Kyna:  It’s definitely the current value-based conundrum we find ourselves in, right? Because in order to reward based on value, we need to be able to measure value. The ways we know how to measure value are somewhat immature at best, right? And they don’t really encapsulate the complexity of what really high-performing primary care can drive. But it’s a process, right? And as players in that field, we need to accelerate and create the capabilities to help accelerate, and in the meantime, while it’s happening, minimize any negative impact on patients. So I think a couple ways to think about it. I think in the very near-term, it’s progress right direction, just to start thinking about value, and I think technology, like Elation’s, we try to reduce that administrative burden.

The last thing we want is for a physician to have more that they need to document or prove or explain about what they’re doing with their patient. So the more intelligent the technology can be to understand and anticipate what administrative documentation or coding is needed, the more we can help advance value-based care while reducing the burden on the physicians. So I think technology has a significant role to play there. I mean, I think as you play forward, I’m not confident that we’re going to get to a place where we can minutely measure every aspect of what high-performing primary care is.

I think that is a difficult endeavor. And I personally am more attracted to models where there’s shared accountability or even up to full accountability for a total cost of care and quality across a population by a group that’s helmed and led by primary care. I think that these models allow for the type of innovation and broader and more long-term perspective on their patients that gets them away from minute checking of boxes and delivery of codes that really hampers our health care system today. I mean, we haven’t talked explicitly about administrative cost. I mean, those are pushing 15 percent of spend, right? And so much of that is miscoordination or excess need for communication and documentation and coding that happens in health care.

So Dr. Fong, as we move towards wrapping up this conversation, I’d love to get your thoughts on if you had a magic wand, you could wave it and change some things in the near term, and then maybe in the long term, what comes to mind?

Kyna: So on the technology front, interoperability, and true interoperability. I think it’d be so powerful to just allow data to flow and move. And there are so many reasons that’s hard, and totally understood. But I think getting some of the major repositories of information and some EHRs, I won’t name them by name, but some that hold a bunch of data that went unlocked can really deliver a lot of benefit to patients. And we’re making a ton of progress on this front. But if I could wave a magic wand and fast forward us to where we’re on track to get to in 10 years, I think that would be phenomenal.

I think the second thing, like I said… Right now, I feel like there’s this tremendous understanding, and sometimes I call what’s been happening over the last few years a renaissance for primary care, because I think there’s an understanding that primary care is one of the most powerful levers we have in building a sustainable health care system. And the things that get in the way of that really amount to the complexity of just getting from we have dollars we want to give to primary care, and on the other end, we have primary care providers who will take those dollars. But creating those win-wins are just so hard in our health care system, whether you’re talking about contracting and the complexity of the number of payers out there, whether you’re talking about some of the regulations that make it difficult to enter markets.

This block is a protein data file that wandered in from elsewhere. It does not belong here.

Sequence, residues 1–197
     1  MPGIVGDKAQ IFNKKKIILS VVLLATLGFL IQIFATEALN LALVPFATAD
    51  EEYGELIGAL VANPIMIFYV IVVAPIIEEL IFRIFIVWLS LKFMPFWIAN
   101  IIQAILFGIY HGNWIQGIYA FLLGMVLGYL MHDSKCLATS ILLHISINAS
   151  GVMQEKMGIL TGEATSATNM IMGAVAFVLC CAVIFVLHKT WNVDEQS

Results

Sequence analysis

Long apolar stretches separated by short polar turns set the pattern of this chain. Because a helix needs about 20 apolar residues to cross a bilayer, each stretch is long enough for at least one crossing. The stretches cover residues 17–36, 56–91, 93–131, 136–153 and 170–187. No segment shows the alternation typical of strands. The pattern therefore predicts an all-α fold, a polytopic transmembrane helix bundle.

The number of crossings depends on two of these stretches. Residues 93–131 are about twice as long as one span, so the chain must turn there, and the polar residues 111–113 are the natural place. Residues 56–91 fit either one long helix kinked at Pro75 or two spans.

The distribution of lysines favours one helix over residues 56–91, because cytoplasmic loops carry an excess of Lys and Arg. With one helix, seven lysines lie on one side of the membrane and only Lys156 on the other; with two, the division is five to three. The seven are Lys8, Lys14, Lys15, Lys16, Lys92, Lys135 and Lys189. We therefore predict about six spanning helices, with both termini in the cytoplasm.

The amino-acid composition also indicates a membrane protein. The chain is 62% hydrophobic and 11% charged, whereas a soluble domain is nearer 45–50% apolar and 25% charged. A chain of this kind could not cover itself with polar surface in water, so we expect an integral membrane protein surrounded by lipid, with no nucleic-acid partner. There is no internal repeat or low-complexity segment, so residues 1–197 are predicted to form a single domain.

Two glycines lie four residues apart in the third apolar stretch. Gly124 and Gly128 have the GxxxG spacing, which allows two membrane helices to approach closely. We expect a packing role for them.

I think there is an appetite and a desire. Most payers that I talk to, they want to pay primary care more. They have incentive dollars and pots of money that they would like to pay primary care more. But the mechanisms to do that require innovation, and that’s a function of the complexity of the systems we’ve built so I think that’s what I would point at. But yeah, that’s a stumping question. I should ask myself that more often.

About Kyna: 

Kyna Fong is the CEO and Co-Founder of Elation Health, the platform for independent primary care that strengthens the relationship between patients and physicians. Kyna’s expertise as a health economist and digital health leader has been featured in publications including Forbes and Fast Company and she is the recipient of several awards including Fierce Healthcare’s 2021 Most Influential Minority Executives in Healthcare and The Top 100 Harvard Alumni In Technology Of 2021.

Kyna graduated at 19 years old from Harvard University with a bachelor’s degree in applied math and a master’s in computer science and then received her Economics Ph.D. from Stanford University, where she focused on health care. In 2008, Kyna was selected as a Robert Wood Johnson Foundation health policy research fellowship at UC Berkeley. She spent four years as a tenure-track professor in Stanford’s economics department before starting Elation to support more primary care medical practices like her own father’s in Northern California.